Contract talks between Chicago Public School leaders and Chicago Teachers Union represetnatives took a turn for the worse Friday afternoon.
The day started on a positive note with union leaders saying talks were getting better.
On Friday afternoon, the mood was much worse.
On Friday afternoon, CTU president Karen Lewis seemed anything but pleased with their current talks, saying they had gotten very intense. It's a drastic turnaround from her own positive outlook Friday morning to news crews.
School board president David Vitale sat in on negotiations Thursday, which is usually a good sign a deal is close to being done.
However, both sides are still split on issues like salary and job security and are expected to talk through the weekend if necessary.
Local religious leaders are pleading with teachers and the school board to get this deal done.
“The school year is a safety time. Children don’t get shot in school," Pfleger said, “strike cannot be an option for our children.”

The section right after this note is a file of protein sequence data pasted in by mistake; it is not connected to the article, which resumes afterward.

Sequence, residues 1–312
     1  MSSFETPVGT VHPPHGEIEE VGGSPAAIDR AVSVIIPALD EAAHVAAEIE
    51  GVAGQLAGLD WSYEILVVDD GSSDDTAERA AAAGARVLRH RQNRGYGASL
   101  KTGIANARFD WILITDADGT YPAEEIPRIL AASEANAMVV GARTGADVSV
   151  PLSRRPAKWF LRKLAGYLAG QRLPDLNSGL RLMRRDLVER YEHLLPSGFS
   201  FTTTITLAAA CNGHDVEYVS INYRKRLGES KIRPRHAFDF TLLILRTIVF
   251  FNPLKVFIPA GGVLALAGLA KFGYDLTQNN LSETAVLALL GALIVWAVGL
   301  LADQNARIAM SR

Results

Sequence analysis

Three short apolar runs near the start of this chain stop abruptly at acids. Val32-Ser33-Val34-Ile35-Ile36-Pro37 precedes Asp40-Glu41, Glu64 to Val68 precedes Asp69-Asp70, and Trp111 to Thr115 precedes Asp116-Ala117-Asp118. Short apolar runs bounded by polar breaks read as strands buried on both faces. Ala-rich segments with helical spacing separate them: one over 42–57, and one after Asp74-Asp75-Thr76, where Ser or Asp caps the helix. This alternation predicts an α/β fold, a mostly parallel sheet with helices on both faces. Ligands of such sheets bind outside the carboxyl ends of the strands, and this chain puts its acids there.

Vitale agrees, saying families need to be a factor in the strike discussion.
As part of the CPS contingency plan called Children First, 60 churches will open their doors until 2 p.m. each day for students -- that's in addition to the 144 schools being opened for a half day.
Parents can now enroll for those programs through the CPS website.
The CTU blasted that plan: “It sounds like a train wreck. It calls for parents to drop off their children at holding centers for a half day of babysitting staffed by strangers, suits from Central Office and preachers. Most of these people have zero experience working with schoolchildren or large groups of teens.
On Friday afternoon, CPS CEO Jean Claude Brizard sent a letter to Lewis asking her, if the teachers do strike on Monday not to picket at those 144 schools "so kids don't have to cross picket lines to get the food and safe shelter they may need."
If negotiations fail and teachers do walk out on Monday, it will be the first teachers' strike in a quarter century in Chicago. It would affect more than 400,000 public school students.